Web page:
Appeals court vacates $1,000-per-day sanction against BigLaw lawyer

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The Illinois Appellate Court's Second District has vacated a $1,000-per-day sanction imposed against a Winston & Strawn lawyer who refused to turn over emails in discovery in expectation of a contempt order that would allow for an appeal.

The appeals court said the lawyer, Sean Wieber, couldn’t assert attorney-client privilege on behalf of two defunct companies to protect the emails. But the court vacated the daily fine because the privilege issue in the case was one of first impression in the state, and Wieber was seeking an appellate ruling on the issue.

“A person may expose themselves to a contempt finding as an appropriate method to test the validity of a court order, and refusing to comply with a court’s order may constitute a good faith effort to have a reviewing court interpret an issue without direct precedent,” the appeals court said.

Turning to the privilege issue, the appeals court said dissolved companies cannot invoke attorney-client privilege if there is no representative to assert it.

Law360 covered the Aug. 16 opinion.

Wieber had cited attorney-client privilege in refusing to release emails that would have revealed the identity of his clients, who were accused of perpetrating a fraud on an Illinois trial court before he was hired as their lawyer.

Wieber said his aim was to get an appellate ruling on the privilege issue. He asked the trial court to hold him in “friendly contempt,” which would allow for appeal, and to refrain from entering a “draconian” fine.

The trial judge said they had “utmost respect” for Wieber as a practitioner, but they considered his refusal to comply with the order to be “willful and contumacious.” The judge imposed the $1,000 daily fine, saying, “I want to get the attention of whoever is running this show.”

The judge wanted to know who was behind the now-dissolved corporations Ritchie Risk-Linked Strategies and Ritchie Risk-Linked Strategies Trading.

The companies, which first identified themselves as John Doe Corporation 1 and John Doe Corporation 2, had filed a suit in Madison County, Illinois.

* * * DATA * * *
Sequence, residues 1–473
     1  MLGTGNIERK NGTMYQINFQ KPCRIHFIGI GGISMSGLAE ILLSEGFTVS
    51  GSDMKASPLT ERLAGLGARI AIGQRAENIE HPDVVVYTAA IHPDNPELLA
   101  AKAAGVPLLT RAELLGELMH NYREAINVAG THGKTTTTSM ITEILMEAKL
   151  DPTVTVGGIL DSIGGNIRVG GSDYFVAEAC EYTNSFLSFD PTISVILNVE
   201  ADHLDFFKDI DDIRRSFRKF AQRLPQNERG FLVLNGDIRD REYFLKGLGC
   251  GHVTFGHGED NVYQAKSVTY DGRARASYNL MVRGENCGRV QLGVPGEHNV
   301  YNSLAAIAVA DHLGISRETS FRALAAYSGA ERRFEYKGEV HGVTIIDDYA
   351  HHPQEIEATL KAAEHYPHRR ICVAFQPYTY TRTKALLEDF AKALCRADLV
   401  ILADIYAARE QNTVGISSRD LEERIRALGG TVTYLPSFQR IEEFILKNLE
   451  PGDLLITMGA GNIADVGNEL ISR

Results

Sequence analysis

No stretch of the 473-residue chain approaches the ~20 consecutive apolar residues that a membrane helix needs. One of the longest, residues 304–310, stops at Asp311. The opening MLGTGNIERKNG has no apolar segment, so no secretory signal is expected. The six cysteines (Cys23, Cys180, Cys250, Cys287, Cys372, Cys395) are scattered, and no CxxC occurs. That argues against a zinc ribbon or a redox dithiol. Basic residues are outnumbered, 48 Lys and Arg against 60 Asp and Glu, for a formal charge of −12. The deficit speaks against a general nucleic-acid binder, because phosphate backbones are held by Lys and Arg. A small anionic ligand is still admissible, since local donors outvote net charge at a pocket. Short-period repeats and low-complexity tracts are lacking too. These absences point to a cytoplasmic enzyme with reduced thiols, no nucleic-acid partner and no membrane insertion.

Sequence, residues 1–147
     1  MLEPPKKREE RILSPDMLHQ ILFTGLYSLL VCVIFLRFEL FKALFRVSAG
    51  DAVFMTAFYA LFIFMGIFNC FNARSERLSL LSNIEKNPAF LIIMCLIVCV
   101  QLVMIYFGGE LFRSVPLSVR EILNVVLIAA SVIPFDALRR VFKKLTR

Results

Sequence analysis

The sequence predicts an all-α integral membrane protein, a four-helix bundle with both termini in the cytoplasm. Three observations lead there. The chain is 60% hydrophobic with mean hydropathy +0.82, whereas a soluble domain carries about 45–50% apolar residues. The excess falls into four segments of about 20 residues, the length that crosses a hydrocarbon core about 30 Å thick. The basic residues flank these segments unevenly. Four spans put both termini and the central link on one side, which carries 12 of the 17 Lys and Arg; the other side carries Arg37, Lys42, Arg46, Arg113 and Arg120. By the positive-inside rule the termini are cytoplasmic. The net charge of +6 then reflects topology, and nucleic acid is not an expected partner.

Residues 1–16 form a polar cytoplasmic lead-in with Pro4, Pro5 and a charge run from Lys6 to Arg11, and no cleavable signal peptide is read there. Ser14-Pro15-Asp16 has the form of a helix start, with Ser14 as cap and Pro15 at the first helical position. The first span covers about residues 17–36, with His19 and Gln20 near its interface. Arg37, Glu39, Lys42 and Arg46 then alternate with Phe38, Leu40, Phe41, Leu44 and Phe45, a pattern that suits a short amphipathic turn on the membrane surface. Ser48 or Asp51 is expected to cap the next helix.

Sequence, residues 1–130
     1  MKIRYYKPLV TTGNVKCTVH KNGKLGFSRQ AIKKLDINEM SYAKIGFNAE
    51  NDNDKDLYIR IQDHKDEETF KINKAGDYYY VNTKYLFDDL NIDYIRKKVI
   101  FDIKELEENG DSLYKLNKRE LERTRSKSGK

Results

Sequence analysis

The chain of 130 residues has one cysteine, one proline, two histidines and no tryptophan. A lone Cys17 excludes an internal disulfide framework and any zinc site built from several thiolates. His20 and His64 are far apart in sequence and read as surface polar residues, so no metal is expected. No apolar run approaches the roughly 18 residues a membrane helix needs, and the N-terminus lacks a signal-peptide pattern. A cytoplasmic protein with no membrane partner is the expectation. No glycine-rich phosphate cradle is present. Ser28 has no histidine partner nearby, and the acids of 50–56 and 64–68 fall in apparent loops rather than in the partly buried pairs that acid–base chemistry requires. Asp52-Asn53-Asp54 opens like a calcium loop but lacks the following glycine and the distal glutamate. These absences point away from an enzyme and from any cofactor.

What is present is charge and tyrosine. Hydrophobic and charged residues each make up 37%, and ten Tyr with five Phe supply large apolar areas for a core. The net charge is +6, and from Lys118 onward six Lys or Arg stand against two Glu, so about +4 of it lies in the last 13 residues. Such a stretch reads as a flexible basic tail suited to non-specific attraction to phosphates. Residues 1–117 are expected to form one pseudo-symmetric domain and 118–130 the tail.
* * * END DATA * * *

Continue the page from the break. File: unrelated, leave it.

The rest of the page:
The companies at first said they were based in the Cayman Islands, and they operated investment funds for insurance-related investments. Their lawsuit claimed that a company that provided investment management services had violated a subscription agreement that required the company to keep their information confidential and to avoid disparaging them.

A judge granted an ex parte temporary restraining order against the defendants, who later told the court that the alleged disparaging statements were made in litigation in Cook County, Illinois, that had been pending for more than a decade. The defendants sought sanctions for the plaintiff companies’ failure to tell the Madison County court that the alleged disparaging statements were in court pleadings.

Winston & Strawn entered an appearance for the plaintiffs in 2018 and identified the two Ritchie Risk-Linked companies as the Madison County plaintiffs. In discovery, the companies said they were organized in Bermuda, and they did not have any documents showing an agreement with the defendants. The companies were involuntarily dissolved in August 2019.

Although the appeals court vacated the fine against Wieber, it noted that the plaintiffs “are still subject to significant sanctions in the underlying proceeding.”

Dan Webb of Winston & Strawn told Law360 that the law firm respectfully disagrees with the appellate opinion.

“The attorney-client privilege is a fundamental procedural safeguard for any party in an Illinois courtroom,” Webb said.

The case is John Doe Corporation 1 v. Huizenga Managers Fund.

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